Ordinary Pleasures: Lifestyle music from Toro y Moi

outer peace

Streaming platforms haven’t just changed the way we consume music; they have imposed a new set of aesthetic assumptions on how music is produced, optimized to provide a sense of discovery but also a comforting familiarity. At its worst, this new set of values can metastasize into what critic Jon Caramanica derides as “Spotify-core”—a milquetoast mélange of tepid R&B, middle-of-the-road pop, sleepy electronica, and anonymous folk. It’s an algorithmic blend designed as lifestyle music—airbrushed eclecticism that can be turned on and then tuned out, the unobtrusive soundtrack to daily chores or errands. But what if there is a version of the streaming ethos that perfects the underlying value proposition, offering off-handed variety, glistening surfaces, and compositions that work as mood music but also reward closer scrutiny? And what if—and try to keep an open mind here—you could do it not with a playlist but with a traditional album, short, sweet, and to the point? Leave it to Chaz Bear—the synth-pop maestro behind Toro y Moi—to pull it off.

You could make an argument for Bear as an early adopter of the streaming ethos; as far back as 2011’s sublime Underneath the Pines, he seamlessly merged bedroom acoustics with wispy Beach Boys harmonies, DIY electronic effects, and an unerring instinct for earworms, camouflaging his playful invention with a shimmering, luxurious sheen. He’s been both refining his approach and trending pop-ward ever since, and the new Outer Peace feels as tight, as tidy, and as tuneful as any Toro y Moi record yet. It’s a modest but appealing confection that embraces the boundaryless nature of music consumption in the digital world, and its breadth and virtuosity hide in plain sight behind its placid exteriors. Bear’s gift is in retrofitting the porous ambiance of an effective playlist to the scrupulous construction of the album format, and the most conservative features of Outer Peace also happen to be its most bracing: Consider its 10-song, 30-minute programming, which feels like the relic of a bygone era; listen to how Bear ends the record with the piano-and-Autotune power ballad “50-50,” pop so earnest and straightforward it feels like a tectonic shift following all gentle weirdness that proceeds it.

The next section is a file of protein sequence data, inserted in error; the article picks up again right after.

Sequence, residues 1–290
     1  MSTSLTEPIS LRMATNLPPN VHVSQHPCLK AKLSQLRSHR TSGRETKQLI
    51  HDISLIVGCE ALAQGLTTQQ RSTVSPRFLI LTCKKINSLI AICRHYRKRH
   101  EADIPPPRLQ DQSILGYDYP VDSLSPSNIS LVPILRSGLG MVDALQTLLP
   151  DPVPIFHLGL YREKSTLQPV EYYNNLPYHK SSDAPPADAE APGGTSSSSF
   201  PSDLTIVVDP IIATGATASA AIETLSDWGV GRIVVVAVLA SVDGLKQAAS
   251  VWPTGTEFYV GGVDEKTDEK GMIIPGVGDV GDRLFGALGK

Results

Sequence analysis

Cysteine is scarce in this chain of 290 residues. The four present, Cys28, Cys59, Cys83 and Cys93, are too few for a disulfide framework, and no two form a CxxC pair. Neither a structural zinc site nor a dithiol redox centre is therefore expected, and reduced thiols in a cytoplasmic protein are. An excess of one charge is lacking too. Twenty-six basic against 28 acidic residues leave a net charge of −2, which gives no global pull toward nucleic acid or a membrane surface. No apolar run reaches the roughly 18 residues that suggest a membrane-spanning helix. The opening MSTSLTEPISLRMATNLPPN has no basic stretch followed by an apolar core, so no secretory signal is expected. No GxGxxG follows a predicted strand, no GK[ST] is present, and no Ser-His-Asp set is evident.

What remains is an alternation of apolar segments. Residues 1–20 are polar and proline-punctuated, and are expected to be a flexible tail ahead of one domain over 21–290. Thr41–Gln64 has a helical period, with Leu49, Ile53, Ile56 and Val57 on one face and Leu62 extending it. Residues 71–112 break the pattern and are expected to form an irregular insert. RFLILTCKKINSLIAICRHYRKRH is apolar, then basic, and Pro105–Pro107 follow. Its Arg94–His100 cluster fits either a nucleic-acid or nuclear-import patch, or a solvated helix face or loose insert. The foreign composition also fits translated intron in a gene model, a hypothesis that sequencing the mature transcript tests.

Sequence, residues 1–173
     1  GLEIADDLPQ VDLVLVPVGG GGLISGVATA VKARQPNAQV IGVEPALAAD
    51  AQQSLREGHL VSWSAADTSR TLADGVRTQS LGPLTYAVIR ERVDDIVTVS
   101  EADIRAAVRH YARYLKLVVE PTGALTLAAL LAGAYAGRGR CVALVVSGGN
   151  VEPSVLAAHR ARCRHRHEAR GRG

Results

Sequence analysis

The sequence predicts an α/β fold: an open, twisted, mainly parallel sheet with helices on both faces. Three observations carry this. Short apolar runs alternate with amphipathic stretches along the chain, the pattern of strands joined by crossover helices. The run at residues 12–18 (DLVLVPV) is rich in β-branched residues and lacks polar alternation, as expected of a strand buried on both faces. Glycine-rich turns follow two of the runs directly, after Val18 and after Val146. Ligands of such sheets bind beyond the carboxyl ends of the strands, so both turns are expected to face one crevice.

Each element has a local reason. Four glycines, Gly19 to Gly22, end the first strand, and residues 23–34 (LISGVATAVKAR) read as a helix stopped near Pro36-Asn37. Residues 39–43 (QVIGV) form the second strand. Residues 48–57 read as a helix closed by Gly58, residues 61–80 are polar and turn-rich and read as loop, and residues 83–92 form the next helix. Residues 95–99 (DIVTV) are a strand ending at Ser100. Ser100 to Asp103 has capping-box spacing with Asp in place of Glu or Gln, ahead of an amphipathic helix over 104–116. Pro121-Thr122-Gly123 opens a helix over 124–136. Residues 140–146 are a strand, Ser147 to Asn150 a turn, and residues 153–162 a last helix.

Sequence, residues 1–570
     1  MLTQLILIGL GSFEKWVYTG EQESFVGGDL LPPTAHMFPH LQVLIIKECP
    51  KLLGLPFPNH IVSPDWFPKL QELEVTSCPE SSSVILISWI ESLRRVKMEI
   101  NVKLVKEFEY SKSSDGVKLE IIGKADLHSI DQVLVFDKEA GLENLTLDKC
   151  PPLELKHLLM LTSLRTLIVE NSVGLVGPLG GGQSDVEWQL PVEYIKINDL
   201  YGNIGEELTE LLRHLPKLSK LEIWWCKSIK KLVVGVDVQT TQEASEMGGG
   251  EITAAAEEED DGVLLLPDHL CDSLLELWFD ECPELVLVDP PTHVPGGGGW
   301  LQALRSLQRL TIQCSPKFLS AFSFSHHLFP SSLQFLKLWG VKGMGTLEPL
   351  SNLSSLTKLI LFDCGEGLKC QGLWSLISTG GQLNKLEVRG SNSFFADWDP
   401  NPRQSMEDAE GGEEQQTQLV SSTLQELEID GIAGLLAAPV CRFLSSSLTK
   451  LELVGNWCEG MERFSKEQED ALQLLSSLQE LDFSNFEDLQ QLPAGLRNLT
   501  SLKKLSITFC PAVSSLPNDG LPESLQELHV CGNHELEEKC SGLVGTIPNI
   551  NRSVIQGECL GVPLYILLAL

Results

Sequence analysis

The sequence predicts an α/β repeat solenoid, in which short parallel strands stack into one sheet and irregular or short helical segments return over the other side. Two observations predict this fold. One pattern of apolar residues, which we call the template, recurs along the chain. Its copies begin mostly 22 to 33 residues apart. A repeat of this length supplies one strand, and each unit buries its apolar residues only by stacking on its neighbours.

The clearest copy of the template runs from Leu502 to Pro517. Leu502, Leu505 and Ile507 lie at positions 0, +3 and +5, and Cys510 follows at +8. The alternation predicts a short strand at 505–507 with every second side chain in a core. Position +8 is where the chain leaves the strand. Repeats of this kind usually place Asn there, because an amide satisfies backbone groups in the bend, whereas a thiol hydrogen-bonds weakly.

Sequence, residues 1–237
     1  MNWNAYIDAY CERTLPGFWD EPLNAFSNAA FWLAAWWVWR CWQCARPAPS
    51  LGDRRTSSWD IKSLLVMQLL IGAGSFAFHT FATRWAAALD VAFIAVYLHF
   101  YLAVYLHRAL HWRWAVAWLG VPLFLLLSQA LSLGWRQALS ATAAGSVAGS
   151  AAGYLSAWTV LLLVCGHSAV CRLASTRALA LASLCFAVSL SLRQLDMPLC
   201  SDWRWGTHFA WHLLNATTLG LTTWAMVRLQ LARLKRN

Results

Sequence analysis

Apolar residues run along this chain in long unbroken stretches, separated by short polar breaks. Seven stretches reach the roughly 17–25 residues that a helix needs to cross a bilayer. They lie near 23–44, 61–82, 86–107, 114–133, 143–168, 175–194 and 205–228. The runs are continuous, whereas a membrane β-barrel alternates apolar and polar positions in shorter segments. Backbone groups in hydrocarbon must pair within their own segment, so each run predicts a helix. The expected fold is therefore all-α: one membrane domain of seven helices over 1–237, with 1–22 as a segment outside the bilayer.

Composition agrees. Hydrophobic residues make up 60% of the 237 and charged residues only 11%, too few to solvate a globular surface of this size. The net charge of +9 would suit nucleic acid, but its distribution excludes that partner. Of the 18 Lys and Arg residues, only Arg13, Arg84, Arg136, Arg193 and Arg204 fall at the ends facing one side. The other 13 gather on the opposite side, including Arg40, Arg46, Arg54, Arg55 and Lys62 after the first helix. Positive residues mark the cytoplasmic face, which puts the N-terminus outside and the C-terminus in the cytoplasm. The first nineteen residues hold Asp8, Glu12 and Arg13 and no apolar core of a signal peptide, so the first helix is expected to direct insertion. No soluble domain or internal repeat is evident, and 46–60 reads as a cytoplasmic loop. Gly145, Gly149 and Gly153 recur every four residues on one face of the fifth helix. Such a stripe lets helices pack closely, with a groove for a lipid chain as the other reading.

That weirdness comes from Bear’s hodgepodge assembly of sounds and influences, pieced together with musical and emotional logic that help the album go down smooth. The ideal for any Toro y Moi song is something that works equally well as pop or simply as a vibe, and the best songs here land squarely in both camps. Listen to the carefully-orchestrated elevator exotica of “Fading,” where tinkling chimes and chintzy percussion offset the red-bloodedness of Bear’s ecstatic, Prince-ly woops and wails. “Ordinary Pleasures” starts from a place of zen—you’ll hear the calming sound of gently running water—before it settles into am amiable uptown groove. “Laws of the Universe” reveals a composer whose love of dance music runs through the populist nostalgia of Daft Punk, and whose crate-digging geekery leaves room for in-jokes about LCD Soundsystem. “Miss Me,” a haunted chillwave ballad with guest vocals from Abra, is a master class in evocation; it sounds like its decomposing in real time, the song’s bitter sadness consuming it from the inside out. And “Freelance” is a testament to how Bear makes even his quirkiest moments feel graceful; a vocal stammer provides the song with its indelible hiccup of a hook.

The album is too small, too unassuming, too caught up in its ordinary pleasures to qualify as a statement—and Bear doesn’t intend it as one. Think of it more as a Choose Your Own Adventure, a record that lets you decide how you want to use it. “This record is a response to how disposable culture has become and how it affects creativity,” he’s stated. “While listening, you might pay attention or ignore—either way that’s ok, this is music for a creative mind.” So, it’s a low-key party album for introverts, or a fecund marinade for wandering minds, or both—lifestyle music for anyone who wants the freedom to just let songs wash over them, crafted with enough detail and care to reward anyone who listens closely.